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Suzanne LaFrance set to become first woman elected mayor of Anchorage

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Anchorage mayoral candidate Suzanne LaFrance at her campaign party at Williwaw Social on Tuesday. (Wesley Early/Alaska Public Media)

Suzanne LaFrance is poised to unseat incumbent Anchorage Mayor Dave Bronson and become the city’s first elected female mayor.

Partial, unofficial results from Tuesday’s election night show the former Anchorage Assembly speaker leading Bronson by 9.8 percent.

There are still thousands of ballots to be counted, but Bronson will have a hard time making up his lead. If voter turnout trends continue from recent municipal elections, Bronson would need outstanding ballots to favor him nearly 2-to-1 to close the deficit.

LaFrance’s supporters erupted in cheers as she spoke to a television crew at her downtown campaign party Tuesday night, and again when she took the stage.

“I feel really optimistic and grateful to everyone for all their work and support, and getting us to this moment,” LaFrance said in an interview.

Suzanne LaFrance (right) and her campaign manager Katie Scovic get their first look at the early election results. (Wesley Early/Alaska Public Media)

Kelly Luczak was at the campaign party and said she had tears in her eyes seeing LaFrance’s big lead.

“I think it’s historic and very exciting,” she said. “It really means a lot.”

If LaFrance’s lead holds, she will officially take office on July 1.

“This administration, this mayor has had so many problems,” LaFrance said. “And people have seen how services have suffered. And you know, the scandals and the lawsuits. So definitely yes, there was a path and we put everything we had into it, we had a strategy and we executed it.

Bronson entered his re-election campaign as an unusual incumbent outsider, trailing LaFrance in regular election results, post-election polling and campaign fundraising. He is expected to become the second incumbent mayor to fail to win a second term since 1975, when the city and borough unified.

So far, 51,019 ballots have been counted. LaFrance holds 54.9% compared to 45.1% for Bronson

Incumbent Anchorage Mayor Dave Bronson reviews early election results with his wife Debra at his campaign headquarters Tuesday. (Matt Faubion/Alaska Public Media)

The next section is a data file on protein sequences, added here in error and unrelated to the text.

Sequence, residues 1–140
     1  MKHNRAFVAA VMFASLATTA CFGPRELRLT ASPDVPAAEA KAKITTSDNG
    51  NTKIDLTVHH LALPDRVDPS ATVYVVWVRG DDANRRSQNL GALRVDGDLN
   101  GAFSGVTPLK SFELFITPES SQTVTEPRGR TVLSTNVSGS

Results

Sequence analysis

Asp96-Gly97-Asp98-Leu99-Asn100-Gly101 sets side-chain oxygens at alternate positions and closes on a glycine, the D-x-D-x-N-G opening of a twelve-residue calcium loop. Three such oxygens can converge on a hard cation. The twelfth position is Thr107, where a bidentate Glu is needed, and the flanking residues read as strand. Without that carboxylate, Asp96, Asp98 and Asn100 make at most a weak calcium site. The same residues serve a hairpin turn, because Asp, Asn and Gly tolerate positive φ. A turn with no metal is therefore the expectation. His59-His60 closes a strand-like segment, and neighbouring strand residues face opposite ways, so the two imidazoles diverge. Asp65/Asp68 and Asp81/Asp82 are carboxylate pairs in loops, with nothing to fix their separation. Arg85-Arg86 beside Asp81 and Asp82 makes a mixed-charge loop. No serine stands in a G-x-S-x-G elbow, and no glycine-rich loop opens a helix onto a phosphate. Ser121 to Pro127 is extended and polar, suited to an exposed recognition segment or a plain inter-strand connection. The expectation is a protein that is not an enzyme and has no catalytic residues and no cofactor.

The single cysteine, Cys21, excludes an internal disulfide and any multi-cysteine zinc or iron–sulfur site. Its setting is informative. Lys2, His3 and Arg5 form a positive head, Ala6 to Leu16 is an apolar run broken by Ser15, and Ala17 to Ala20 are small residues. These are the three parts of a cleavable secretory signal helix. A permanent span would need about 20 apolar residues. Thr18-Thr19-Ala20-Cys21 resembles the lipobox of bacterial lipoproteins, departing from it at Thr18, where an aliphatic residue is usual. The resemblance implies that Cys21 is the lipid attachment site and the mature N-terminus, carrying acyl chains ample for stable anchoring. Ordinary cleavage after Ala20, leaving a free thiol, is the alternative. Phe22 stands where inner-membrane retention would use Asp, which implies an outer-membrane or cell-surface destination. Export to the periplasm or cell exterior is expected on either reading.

At his campaign headquarters Tuesday evening, Bronson thanked his supporters and said there were still votes to be counted.

“We’re not going to commit to anything tonight because, all the votes — I mean, there are people who just voted 30 minutes ago,” he said. “So we don’t want to say anything until their votes are counted.”

In an interview, Bronson said he expects a much higher turnout than in recent history.

“So that is about to change,” he said. “That’s where we were three years ago, and we finally got there. But it was close three years ago.

Outgoing Anchorage Mayor Dave Bronson delivers a speech to supporters at his campaign headquarters Tuesday. (Matt Faubion/Alaska Public Media)

While LaFrance would be the first woman elected mayor of Anchorage, another woman has served in the city government’s top leadership position in an interim capacity. This was Austin Quinn-Davidson, who served as acting mayor for approximately eight months starting in October 2020.

The Anchorage Assembly had chosen Quinn-Davidson from among its members to complete Mayor Ethan Berkowitz’s second term after he resigned amid a sexting scandal with a local news anchor.

The runoff election follows a highly charged mayoral race.

LaFrance and Bronson emerged as the top two candidates in a 10-person mayoral contest. LaFrance led April’s regular election by fewer than 500 votes.

The election bridges a years-long gap between LaFrance and Bronson, which began when Bronson was elected mayor in 2021. For two years of Bronson’s term, LaFrance served as Assembly speaker.

As president and during her campaign, the registered nonpartisan tended to avoid divisive speeches and politicized administrative failures, but often sided with the center-left majority of Assembly members in discussions on COVID-19 health mandates, homelessness and the general budget.

Bronson, a registered Republican, campaigned by presenting himself as a counterconservative to what he described as a “woke left” Legislature, with many campaign signs emblazoned with the message “Bronson = Balance.”

Bronson and his campaign have addressed their political differences. “I’m normal. She’s woke,” he said during a candidates’ debate in April. He later explained that for him, wokeness is an unhealthy political ideology of the far left.

LaFrance’s campaign emphasized that most local issues are apolitical.

Snow removal, potholes, housing costs and homelessness were among the local issues most frequently raised by city residents before the runoff.

Matt Faubion of Alaska Public Media contributed to this report.

Jeremy Hsieh covers Anchorage with a focus on housing, homelessness, infrastructure and development. Contact him at or 907-550-8428. Learn more about Jeremy here.

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